Reports

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Completing Europe: Gas Interconnections in Central and Southeastern Europe—An Update, written by John Roberts, a nonresident senior fellow at the Atlantic Council’s Dinu Patriciu Eurasia and Global Energy Centers, takes into account the significant steps taken in the year following the publishing of the Atlantic Council’s Completing Europe—From the North-South Corridor to Energy, Transportation, and Telecommunications Union. Roberts’ latest piece “focuses on progress made in the development of gas interconnectors, the single most important element in the creation of an effective energy union and in assuring energy security for Europe.”

As David Koranyi, co-director of the Completing Europe Report and director of the Atlantic Council’s Eurasian Energy Futures Initiative, and Ian Brzezinski, co-director of the Completing Europe Report and senior fellow at the Atlantic Council’s Brent Scowcroft Center, state in the foreword, achieving a single European market “will require the development of infrastructure networks that bind together the economies of Central and Southeastern Europe with the rest of European Union.”

 

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While numerous American public, private, philanthropic, scientific, and academic organizations are addressing water challenges the world over, there is no explicit strategy binding their diverse activities together into a coherent whole. This is an unfortunate situation, as the United States has considerable strengths, expertise and influence in the water space.

 

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“The Eastern Mediterranean’s hydrocarbon discoveries have massive consequences for the region, even though when considered on a global scale they are relatively small,” writes David Koranyi in the foreword to the Atlantic Council report, Hydrocarbon Developments in the Eastern Mediterranean. This report offers an important examination of the technical and geopolitical obstacles to and opportunities for creating a vibrant hydrocarbon market in the Eastern Mediterranean.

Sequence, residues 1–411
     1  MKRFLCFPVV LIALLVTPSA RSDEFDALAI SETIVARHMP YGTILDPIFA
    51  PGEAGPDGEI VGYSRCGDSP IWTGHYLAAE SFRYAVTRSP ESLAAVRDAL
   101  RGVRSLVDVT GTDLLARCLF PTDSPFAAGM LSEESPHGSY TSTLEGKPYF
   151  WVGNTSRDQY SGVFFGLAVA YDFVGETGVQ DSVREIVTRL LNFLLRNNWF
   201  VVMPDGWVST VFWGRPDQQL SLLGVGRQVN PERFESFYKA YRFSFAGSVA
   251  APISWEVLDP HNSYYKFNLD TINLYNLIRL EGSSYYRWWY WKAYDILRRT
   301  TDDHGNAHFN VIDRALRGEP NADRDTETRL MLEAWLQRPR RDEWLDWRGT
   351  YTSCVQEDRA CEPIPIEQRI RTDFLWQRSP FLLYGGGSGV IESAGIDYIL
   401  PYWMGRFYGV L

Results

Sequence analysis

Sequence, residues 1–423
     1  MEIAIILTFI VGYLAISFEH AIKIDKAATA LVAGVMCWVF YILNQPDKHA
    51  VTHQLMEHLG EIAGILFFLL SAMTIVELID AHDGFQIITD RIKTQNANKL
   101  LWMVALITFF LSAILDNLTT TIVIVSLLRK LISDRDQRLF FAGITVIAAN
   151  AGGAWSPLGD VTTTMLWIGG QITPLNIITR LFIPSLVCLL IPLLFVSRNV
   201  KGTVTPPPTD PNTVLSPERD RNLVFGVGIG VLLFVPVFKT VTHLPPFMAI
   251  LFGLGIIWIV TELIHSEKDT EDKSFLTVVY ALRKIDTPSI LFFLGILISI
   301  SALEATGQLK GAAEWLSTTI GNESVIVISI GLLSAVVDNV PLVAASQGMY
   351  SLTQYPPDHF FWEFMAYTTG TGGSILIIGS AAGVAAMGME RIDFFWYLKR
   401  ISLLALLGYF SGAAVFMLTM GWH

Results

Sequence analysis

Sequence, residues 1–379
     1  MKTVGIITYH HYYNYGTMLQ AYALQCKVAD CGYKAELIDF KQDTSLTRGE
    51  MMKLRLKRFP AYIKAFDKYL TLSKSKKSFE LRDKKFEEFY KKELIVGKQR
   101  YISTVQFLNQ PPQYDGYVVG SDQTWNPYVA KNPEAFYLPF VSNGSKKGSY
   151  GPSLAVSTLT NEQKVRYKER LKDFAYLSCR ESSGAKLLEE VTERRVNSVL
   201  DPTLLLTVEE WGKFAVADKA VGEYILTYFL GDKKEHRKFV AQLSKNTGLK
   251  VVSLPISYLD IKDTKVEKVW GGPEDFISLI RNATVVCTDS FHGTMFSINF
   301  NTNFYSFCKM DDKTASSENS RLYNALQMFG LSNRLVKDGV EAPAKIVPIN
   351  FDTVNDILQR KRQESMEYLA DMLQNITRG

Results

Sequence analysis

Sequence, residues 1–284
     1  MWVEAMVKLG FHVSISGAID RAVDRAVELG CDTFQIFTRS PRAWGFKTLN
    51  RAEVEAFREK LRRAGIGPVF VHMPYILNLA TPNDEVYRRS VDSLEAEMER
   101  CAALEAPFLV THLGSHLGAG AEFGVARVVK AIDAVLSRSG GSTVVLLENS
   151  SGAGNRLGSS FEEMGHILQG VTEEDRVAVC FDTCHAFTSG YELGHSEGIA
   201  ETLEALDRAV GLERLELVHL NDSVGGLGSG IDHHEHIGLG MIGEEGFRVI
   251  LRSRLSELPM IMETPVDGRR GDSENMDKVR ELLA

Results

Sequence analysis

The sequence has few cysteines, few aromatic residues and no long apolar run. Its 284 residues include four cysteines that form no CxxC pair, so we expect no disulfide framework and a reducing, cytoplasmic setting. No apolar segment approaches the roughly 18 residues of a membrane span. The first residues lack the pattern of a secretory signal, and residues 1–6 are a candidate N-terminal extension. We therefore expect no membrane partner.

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The Warsaw Summit was a watershed moment for the NATO Alliance. The twenty-eight member states had a unique opportunity to demonstrate NATO’s enduring relevance and ability to defend Europe and the transatlantic area by laying down a marker to build strong and effective conventional and nuclear deterrence. Poland, in particular, should play an important role in NATO’s adaptation to a new and challenging security environment.  

 

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Transformations in Brazil's energy sector could be critical to rebooting the broader economy. Today, with state-owned Petrobras still reeling from political scandal, one development welcomed by investors is a bill gaining steam in Congress to open offshore oil discoveries to greater private investment. Is this the beginning of more changes to come? What should be other top energy priorities for the interim government, and how does this fit into the larger economic picture?

 

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“Since the 1990s, a number of separatist movements and conflicts have challenged the borders of the states of the former Soviet Union and created quasi-independent territories under Russian influence and control,” states Agnia Grigas, a senior nonresident fellow at the Atlantic Council’s Dinu Patriciu Eurasia Center, in the opening of her new report, Frozen Conflicts: A Tool Kit for US Policymakers. In the report, Grigas differentiates between Moscow’s policies toward the breakaway regions of the 1990s, the 2008 Russo-Georgian War, and the annexation of Ukraine’s Crimean peninsula and subsequent war in eastern Ukraine.